Dryland agriculture in the Canadian prairies is continuously confronted by change. In response to growing competition in the global market place producers have sought alternative crop production methods in order to maintain their farming enterprises. Driving the change has been lower prices for cereal grains, declining input costs (e.g., glyphosate), changes in government policies and programs (e.g., grain transportation, farm safety net programs), new markets and value-added opportunities, improvements in machinery design and soil management practices, and growing concern about soil and environmental degradation. This study examines the trends in crop production in the Canadian prairies over the last two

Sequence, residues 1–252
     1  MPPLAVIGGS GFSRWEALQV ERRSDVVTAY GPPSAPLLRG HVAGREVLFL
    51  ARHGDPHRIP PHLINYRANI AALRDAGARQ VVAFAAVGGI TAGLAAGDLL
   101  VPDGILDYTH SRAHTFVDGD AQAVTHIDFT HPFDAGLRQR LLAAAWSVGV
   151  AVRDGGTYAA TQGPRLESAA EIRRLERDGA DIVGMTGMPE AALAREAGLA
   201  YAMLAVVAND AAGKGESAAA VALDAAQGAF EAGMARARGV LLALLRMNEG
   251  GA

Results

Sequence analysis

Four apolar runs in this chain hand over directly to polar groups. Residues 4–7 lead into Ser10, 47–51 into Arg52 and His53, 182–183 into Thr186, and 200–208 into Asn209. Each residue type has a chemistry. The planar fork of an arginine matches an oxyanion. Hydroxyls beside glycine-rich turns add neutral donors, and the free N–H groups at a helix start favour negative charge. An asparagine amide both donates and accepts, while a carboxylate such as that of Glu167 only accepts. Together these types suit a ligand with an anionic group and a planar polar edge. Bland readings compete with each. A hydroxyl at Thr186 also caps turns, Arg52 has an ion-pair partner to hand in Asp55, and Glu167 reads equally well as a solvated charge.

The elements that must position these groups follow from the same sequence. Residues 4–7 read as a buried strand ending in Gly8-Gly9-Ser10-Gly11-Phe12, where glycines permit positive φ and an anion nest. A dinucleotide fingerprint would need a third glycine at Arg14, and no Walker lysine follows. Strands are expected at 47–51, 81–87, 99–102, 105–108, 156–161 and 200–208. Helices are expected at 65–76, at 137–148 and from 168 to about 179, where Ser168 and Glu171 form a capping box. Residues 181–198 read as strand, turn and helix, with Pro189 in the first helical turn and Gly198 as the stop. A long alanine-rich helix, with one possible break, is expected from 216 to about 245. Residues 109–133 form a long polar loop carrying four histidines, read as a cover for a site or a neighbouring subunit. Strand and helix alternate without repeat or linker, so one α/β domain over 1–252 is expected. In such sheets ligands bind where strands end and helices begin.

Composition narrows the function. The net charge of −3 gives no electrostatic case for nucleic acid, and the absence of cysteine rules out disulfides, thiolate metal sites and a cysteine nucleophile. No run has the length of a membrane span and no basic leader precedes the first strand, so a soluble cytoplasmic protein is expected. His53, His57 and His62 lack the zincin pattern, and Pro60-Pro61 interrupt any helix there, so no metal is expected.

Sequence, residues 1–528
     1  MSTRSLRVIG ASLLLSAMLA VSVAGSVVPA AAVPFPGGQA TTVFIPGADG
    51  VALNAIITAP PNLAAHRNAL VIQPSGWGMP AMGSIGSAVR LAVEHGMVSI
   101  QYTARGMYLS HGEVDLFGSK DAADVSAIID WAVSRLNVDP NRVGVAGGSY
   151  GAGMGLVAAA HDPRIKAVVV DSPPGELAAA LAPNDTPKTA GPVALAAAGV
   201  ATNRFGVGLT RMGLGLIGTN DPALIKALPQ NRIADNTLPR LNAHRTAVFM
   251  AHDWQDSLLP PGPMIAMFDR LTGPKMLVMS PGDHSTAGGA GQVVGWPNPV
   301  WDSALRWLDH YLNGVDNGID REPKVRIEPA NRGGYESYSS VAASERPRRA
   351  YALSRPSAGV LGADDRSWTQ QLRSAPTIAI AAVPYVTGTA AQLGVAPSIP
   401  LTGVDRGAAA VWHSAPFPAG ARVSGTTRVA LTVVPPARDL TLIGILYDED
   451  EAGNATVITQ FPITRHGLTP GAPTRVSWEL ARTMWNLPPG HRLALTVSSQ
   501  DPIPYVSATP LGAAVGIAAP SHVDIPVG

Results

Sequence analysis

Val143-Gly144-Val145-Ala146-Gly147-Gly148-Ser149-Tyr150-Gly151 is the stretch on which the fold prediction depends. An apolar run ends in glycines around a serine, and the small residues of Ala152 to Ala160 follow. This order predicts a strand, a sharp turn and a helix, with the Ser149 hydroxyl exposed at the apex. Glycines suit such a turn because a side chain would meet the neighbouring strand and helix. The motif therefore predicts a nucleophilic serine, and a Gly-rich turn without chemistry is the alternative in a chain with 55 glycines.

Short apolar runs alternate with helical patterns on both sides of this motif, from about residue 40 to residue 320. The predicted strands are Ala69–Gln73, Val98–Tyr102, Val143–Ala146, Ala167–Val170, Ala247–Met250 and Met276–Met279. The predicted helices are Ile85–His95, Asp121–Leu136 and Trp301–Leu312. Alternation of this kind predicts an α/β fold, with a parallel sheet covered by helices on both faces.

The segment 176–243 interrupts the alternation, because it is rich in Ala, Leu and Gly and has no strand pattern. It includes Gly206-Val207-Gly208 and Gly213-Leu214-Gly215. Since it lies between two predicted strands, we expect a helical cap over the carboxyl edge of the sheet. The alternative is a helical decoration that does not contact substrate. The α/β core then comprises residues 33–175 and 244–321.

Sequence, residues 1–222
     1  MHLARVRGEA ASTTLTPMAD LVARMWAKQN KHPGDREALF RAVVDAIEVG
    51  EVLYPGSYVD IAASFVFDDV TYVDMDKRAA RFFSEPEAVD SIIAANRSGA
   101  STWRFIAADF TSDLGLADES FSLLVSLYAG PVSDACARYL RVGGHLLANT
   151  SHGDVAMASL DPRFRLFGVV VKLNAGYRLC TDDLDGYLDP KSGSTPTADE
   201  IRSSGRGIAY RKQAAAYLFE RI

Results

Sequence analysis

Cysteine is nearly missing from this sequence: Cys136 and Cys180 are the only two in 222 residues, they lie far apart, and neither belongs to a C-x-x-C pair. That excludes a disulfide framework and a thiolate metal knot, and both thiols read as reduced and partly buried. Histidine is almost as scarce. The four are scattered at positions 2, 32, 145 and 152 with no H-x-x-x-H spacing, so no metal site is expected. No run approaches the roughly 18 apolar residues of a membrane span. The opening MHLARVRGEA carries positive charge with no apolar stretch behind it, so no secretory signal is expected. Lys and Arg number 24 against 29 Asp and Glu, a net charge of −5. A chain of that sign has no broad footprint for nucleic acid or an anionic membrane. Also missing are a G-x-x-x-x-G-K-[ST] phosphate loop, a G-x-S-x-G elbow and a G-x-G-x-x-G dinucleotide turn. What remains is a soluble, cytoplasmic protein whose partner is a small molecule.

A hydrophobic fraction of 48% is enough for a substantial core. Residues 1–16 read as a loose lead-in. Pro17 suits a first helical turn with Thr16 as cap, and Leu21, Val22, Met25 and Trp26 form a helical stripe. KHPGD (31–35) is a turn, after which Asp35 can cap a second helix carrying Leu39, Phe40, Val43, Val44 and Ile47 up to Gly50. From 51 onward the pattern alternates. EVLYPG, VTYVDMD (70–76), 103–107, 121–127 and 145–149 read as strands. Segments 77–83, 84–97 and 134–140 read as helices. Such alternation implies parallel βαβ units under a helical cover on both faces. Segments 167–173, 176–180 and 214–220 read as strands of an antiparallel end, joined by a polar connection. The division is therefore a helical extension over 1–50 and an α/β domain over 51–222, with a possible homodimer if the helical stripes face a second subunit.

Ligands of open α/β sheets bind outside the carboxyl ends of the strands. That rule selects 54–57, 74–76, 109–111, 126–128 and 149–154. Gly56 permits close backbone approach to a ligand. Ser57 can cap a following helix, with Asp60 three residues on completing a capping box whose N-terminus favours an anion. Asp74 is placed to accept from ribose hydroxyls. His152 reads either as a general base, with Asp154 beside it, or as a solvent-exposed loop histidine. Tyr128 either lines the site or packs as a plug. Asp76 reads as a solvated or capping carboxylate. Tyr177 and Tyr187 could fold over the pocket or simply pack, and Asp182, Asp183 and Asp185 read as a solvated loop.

and a half decades (1976 to 1998). The focus is on both cropping choice and tillage practices for the major soil climatic zones in western Canada.